Can You Plant Marigolds in a Pot?

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Plant marigolds after the weather warms in late spring.

Marigolds are sunny annuals that add bright color to your garden from late spring until the first frost in autumn. If you'd love to grow the bright bloomers in containers, don't hesitate, as marigolds are well-suited for container growing. Plant marigolds alone in a patio container or window box and they'll take center stage, or plant them in combination with a variety of colorful annuals such as petunia, geranium or zinnia.


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Prepare a Container

Fill a container up to within an inch from the top with any good quality commercial potting soil. Any sturdy container with a drainage hole in the bottom will work well, as marigolds quickly rot in wet soil. Don't use regular garden soil in your container, as garden soil will become so compacted in the container that water won't reach the roots of the marigolds. Garden soil may also contain bacteria, insects and weed seeds.

Planting Marigolds

Purchase marigold bedding plants at a greenhouse or garden center. Marigolds are available in a variety of sizes and colors, and all are appropriate for container growing. Remove each marigold from the nursery container. Dig a small hole with a trowel, then place the marigold in the hole at the same depth it was planted in the nursery container. Pat potting soil gently around the roots. Marigolds can be planted much closer in containers than in the ground. Allow about 3 inches between small varieties and up to 5 inches for giant marigolds. Locate your marigolds where the plants will be in sunlight for at least six to eight hours per day.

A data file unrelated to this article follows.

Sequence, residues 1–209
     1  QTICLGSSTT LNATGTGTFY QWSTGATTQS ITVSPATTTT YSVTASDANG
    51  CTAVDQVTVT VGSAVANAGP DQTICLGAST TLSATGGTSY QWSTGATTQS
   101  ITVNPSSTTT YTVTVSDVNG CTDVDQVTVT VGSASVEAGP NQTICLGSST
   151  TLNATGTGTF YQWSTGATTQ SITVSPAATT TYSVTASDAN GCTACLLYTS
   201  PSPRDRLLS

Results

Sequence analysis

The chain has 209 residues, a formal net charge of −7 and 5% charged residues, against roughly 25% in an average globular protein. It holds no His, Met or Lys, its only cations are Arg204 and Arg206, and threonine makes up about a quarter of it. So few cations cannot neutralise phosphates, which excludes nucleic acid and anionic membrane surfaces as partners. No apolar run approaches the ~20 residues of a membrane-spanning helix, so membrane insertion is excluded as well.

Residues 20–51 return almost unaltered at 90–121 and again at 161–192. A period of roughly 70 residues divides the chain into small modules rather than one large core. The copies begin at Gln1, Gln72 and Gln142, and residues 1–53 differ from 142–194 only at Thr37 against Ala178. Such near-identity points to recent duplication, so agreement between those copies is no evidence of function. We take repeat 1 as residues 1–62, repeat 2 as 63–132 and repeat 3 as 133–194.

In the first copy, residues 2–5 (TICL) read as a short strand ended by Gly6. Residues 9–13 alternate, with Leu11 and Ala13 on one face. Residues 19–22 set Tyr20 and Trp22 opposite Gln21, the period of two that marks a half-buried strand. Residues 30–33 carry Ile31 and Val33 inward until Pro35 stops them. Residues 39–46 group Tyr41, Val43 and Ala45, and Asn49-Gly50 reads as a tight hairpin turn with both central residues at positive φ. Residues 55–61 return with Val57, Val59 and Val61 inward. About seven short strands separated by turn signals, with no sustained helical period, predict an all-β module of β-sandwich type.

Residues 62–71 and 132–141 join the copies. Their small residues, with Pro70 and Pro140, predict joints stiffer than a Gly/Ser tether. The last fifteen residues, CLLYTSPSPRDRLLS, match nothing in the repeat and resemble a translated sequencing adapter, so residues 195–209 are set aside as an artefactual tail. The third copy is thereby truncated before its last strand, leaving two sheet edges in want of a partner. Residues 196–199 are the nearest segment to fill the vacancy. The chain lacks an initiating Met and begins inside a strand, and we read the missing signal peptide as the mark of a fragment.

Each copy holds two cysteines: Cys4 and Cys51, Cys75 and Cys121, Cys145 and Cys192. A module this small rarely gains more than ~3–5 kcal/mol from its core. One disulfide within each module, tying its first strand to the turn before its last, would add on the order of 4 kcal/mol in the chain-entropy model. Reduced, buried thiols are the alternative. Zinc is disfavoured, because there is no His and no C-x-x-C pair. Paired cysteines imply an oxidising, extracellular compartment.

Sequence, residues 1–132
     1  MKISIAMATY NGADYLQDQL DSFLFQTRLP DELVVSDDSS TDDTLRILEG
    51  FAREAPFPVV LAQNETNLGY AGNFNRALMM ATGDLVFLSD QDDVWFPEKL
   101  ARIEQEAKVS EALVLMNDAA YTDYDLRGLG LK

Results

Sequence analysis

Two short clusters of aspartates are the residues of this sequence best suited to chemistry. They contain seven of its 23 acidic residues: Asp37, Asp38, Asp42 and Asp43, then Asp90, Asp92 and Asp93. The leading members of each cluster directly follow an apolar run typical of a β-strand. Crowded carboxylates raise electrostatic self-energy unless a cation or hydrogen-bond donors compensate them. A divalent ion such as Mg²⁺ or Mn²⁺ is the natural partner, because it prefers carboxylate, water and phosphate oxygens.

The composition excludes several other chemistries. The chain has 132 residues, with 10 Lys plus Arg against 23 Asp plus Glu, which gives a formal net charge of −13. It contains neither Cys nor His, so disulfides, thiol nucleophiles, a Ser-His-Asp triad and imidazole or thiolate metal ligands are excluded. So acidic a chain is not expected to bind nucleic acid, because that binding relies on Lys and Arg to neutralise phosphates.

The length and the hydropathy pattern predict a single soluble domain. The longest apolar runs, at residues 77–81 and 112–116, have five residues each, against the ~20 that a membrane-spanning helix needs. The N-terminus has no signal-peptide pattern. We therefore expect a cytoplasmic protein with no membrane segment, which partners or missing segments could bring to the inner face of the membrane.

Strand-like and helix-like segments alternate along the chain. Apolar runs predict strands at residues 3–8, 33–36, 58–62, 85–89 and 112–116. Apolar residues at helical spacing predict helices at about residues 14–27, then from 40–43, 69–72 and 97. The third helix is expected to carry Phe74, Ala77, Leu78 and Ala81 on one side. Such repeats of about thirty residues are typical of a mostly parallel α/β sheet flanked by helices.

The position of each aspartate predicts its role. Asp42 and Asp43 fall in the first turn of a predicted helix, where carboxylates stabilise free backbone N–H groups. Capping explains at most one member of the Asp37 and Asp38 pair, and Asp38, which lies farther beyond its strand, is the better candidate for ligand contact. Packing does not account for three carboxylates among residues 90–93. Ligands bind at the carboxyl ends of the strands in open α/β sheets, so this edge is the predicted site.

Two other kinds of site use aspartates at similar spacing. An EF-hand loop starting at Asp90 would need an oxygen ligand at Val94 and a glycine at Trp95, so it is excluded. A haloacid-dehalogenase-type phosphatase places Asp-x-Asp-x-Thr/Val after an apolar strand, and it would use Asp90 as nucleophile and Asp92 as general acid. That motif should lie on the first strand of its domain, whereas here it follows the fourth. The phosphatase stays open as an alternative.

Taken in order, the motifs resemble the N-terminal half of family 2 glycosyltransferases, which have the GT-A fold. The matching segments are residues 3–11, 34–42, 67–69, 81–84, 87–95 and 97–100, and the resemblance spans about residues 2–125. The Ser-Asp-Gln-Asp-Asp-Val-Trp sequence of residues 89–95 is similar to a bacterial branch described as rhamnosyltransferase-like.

Water the marigolds immediately after planting and keep the soil moist until you see new growth. Thereafter, marigolds are drought-tolerant plants that won't do well in soggy soil, but benefit from an occasional watering during hot summer weather. Water the plants deeply, allowing water to run freely through the drainage hole, then water again when the soil feels fairly dry.


Fertilizer is important for container-grown marigolds, as the plants are unable to draw nutrients from the ground. Feed marigolds every week, using a water-soluble fertilizer mixed according to the directions on the package. If the package directions suggest a monthly feeding, dilute the solution by one quarter, which will be appropriate for weekly feedings. Alternatively, use a timed-release fertilizer applied according to the package recommendations.



Deadhead, or pinch off spent blooms regularly. Pinch off the blooms with your fingernails or garden shears as soon as they wilt, and don't wait until the flowers become completely dead. Blooms allowed to remain on the plant will cause the plant to go to seed and blooming will be decreased. Deadheading will encourage your marigolds to bloom profusely until autumn.



M.H. Dyer

M.H. Dyer began her writing career as a staff writer at a community newspaper and is now a full-time commercial writer. She writes about a variety of topics, with a focus on sustainable, pesticide- and herbicide-free gardening. She is an Oregon State University Master Gardener and Master Naturalist and holds a Master of Fine Arts in creative nonfiction writing.